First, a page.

Ohio State football coach Urban Meyer told the media this morning he’s banned his Buckeyes from twitter. CNBC’s Darren Rovell, not surprisingly, is peeved. (Rovell is so pro-twitter it’s almost alarming; he’s so into the social media tool that I once asked Rovell if he was an investor in the company. He said no.)
I applaud the move by Meyer. College kids who are 18-21 years old are going to make mistakes online. Not all of them can be as bright and articulate and witty as Jared Sullinger (also, it’s significantly easier to keep tabs on 13 college basketball players as opposed to 85 football players).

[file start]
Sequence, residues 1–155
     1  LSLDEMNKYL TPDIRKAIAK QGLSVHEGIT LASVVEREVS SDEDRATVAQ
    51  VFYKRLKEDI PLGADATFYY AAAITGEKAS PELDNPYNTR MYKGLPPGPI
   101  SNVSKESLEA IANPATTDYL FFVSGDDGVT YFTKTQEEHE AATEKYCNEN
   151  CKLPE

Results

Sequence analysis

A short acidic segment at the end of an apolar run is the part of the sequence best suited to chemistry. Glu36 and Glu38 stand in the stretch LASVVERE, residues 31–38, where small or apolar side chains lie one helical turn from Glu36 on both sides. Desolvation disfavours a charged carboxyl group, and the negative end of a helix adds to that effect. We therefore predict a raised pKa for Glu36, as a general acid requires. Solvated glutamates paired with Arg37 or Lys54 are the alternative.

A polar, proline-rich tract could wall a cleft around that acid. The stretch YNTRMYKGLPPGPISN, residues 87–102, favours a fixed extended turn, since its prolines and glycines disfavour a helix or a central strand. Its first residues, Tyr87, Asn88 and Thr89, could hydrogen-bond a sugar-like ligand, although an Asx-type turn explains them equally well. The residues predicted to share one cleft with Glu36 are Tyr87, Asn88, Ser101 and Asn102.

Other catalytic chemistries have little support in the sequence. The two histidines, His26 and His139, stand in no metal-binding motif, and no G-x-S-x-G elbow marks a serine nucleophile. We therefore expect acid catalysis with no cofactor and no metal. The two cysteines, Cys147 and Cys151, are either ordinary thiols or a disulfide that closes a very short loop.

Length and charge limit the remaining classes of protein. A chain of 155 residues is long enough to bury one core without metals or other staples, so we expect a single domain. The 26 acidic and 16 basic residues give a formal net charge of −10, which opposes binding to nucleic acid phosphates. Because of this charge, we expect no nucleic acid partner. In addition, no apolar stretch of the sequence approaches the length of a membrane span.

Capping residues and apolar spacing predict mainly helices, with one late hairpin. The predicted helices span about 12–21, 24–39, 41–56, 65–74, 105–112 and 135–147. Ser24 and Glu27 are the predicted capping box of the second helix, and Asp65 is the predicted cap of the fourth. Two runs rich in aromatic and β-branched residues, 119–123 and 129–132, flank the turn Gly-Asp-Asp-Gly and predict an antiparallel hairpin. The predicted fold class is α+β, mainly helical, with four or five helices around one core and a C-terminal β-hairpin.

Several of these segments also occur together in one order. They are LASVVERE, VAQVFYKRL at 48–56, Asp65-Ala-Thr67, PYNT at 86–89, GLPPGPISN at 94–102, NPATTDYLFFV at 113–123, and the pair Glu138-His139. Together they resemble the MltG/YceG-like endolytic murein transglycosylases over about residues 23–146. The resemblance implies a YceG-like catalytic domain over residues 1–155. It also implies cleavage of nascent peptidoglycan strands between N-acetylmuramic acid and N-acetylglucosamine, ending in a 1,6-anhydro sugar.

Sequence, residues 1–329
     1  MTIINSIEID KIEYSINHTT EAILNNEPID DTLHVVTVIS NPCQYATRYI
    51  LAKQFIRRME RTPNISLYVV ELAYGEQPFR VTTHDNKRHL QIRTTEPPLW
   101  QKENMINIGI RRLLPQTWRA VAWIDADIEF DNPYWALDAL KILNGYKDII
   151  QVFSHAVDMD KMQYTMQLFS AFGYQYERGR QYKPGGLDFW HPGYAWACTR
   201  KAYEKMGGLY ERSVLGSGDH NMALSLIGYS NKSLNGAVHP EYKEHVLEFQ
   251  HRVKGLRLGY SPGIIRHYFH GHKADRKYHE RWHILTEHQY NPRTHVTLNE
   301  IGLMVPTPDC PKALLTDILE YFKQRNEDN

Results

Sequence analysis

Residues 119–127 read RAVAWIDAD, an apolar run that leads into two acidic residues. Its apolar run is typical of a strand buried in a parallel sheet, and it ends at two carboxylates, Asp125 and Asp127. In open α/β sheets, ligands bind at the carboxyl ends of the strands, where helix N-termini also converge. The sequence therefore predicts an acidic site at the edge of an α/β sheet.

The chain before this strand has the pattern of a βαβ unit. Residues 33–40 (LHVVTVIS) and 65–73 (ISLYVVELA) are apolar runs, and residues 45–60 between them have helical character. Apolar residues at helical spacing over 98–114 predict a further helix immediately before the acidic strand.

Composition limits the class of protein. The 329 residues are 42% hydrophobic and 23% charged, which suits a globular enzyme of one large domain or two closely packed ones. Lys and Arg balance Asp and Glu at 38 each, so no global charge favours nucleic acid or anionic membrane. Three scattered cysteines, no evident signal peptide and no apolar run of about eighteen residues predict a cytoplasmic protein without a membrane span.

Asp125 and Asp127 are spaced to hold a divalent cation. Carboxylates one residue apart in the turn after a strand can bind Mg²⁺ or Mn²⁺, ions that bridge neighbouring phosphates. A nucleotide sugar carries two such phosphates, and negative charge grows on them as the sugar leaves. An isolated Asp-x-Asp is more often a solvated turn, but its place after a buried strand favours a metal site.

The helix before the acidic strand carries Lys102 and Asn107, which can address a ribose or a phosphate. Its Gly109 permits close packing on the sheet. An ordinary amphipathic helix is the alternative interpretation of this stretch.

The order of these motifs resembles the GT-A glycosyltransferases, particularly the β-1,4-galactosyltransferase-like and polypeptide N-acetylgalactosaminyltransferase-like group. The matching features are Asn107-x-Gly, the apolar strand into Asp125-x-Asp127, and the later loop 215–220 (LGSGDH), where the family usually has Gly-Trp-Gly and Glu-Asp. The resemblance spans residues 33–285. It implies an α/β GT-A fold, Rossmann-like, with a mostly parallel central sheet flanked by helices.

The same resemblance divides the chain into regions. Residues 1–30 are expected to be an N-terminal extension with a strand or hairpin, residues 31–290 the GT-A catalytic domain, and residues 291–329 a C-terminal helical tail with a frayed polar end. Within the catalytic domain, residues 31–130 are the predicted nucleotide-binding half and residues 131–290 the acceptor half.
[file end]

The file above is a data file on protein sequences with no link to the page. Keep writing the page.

Hundreds of writers will follow the OSU football players, and anything remotely controversial will blow up into a story. Why deal with those headaches? What, exactly, can the program possibly gain from letting these kids use twitter? If they want to learn how to use social media, do it without all the eyeballs … after leaving school. Then the players’ screw-ups online aren’t OSU/Urban Meyer problems.
Urban Meyer follows in the footsteps of Chris Petersen (Boise State), Steve Spurrier (South Carolina) and college basketball coaches Rick Stansbury (Mississippi St.) and Jay Wright (Villanova).
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